I was arrested and charged yesterday with grand theft. I personally went to the local precinct when I learned by a neighbor they were pounding on my front door., shorty after I arrived they arrested me and booked me in. Detective came to talk with me, after my rights were read, I evoked my right to remain silent and not answer questions, based on the serious allegations towards me. I worked as a housecleaner for my employer for over 3 years and never had an issue, I was at his home a few days prior to arrest and nothing was said to me about this. I was bailed out by my husband yesterday and my court date is set for the beginning of sept 2012. I have no criminal history. I know he has accused others in the past of stealing....girlfriends, secretaries etc.
Unfortunately this happens much to often! Employers suspect someone of stealing and call the police, often times without having enough evidence. The detectives also take the victims woe against yours.
You have options and you need to consult with an attorney immediately. But, you did the right thing by invoking your right to remain silent. Don't talk about this with anyone but an attorney.
In the past 20 years, my office has handled dozens of these tyrpes of cases. They are very serious and need very delicate and ardent handling. You need a law firmyou believe is qualified, and, perhaps, a good private investigator. As a Former Deputy District Attorney, and Certified Criminal Law Specialist, I must advise you to get highly qualified law firm working for you NOW. I wish you well............David Wallin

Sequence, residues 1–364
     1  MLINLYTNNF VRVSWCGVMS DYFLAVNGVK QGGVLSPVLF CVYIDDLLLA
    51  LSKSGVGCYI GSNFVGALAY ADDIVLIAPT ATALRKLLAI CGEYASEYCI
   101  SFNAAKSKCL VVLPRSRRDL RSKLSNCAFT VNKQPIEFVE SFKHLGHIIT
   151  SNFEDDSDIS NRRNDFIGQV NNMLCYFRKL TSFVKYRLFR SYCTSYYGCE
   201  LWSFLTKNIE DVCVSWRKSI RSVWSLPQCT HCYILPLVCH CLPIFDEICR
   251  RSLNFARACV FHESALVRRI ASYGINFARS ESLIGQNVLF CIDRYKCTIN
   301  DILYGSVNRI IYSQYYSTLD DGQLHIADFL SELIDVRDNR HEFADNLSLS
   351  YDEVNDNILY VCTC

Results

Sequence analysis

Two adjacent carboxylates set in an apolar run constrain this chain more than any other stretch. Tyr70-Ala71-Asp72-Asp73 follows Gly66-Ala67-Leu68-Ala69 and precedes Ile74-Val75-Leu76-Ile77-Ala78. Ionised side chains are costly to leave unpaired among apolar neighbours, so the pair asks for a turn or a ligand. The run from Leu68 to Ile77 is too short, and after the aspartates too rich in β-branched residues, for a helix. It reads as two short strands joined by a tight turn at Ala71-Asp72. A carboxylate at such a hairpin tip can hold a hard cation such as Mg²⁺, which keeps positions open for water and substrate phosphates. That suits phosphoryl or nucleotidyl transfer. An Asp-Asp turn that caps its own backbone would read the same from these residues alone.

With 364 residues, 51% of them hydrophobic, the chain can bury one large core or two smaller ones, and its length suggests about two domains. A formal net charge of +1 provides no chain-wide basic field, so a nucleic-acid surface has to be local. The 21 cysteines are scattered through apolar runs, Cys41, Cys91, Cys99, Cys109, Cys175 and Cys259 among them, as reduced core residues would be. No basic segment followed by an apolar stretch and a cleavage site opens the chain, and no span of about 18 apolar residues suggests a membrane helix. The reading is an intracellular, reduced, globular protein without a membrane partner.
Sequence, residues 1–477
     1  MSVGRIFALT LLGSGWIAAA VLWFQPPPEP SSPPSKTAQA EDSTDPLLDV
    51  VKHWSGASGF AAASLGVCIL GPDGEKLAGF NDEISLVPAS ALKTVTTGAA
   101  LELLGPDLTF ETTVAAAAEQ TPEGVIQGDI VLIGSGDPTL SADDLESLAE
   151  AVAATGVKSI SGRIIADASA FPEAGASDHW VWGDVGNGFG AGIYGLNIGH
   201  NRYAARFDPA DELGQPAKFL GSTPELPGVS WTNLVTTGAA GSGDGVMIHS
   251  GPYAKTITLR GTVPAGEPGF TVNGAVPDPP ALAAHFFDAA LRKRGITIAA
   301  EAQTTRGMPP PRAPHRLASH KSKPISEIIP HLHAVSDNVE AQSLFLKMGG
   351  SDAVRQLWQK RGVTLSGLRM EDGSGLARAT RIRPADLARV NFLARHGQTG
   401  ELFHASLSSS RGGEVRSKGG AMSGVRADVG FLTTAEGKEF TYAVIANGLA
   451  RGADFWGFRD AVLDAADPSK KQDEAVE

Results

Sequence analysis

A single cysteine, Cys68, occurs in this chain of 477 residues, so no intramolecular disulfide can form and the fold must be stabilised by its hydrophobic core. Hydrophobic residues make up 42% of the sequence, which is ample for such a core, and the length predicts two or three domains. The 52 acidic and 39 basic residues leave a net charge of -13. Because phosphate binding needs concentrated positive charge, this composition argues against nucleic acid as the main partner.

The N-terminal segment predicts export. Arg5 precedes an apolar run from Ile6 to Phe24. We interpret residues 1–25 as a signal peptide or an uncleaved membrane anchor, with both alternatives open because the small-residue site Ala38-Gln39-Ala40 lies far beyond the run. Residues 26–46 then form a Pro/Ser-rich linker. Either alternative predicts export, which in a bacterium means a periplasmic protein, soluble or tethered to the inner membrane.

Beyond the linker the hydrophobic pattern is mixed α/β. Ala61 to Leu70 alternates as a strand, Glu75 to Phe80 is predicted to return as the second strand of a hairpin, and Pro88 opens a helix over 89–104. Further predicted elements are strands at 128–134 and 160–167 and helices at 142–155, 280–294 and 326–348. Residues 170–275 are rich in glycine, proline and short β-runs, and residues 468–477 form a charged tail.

My colleagues are totally correct. Lawyer up and do not talk with anyone at work or the cops and hire a good criminal defense attorney in your area.
The information provided in this answer does not create an attorney-client relationship. If you are interested in his legal services, feel free to call Chris at (303) 409-7635 at his law office in the Denver Tech Center. All initial consultations are free of charge.
I also agree with everything my colleagues have written here. It is critical that you not only "lawyer up" immediately, but that you focus on finding the right lawyer for you so that you can go through this difficult time with as much confidence and support as possible.
You did the right thing by not talking to the cops. The next step is to consult with an attorney who specializes in criminal defense.
Just because you are charged with this offense does not mean that you will be found guilty of it. Your attorney can investigate the case, assert any defenses, and aim for a dismissal. The prosecution has the burden of proof, which means they have to prove beyond a reasonable doubt that you committed a theft. Your attorney may be able to show them that they will fall short of that goal.
If possible, secure an attorney prior to your first court date so that there will be adequate time to meet with you and be familiar with all the facts of your case.
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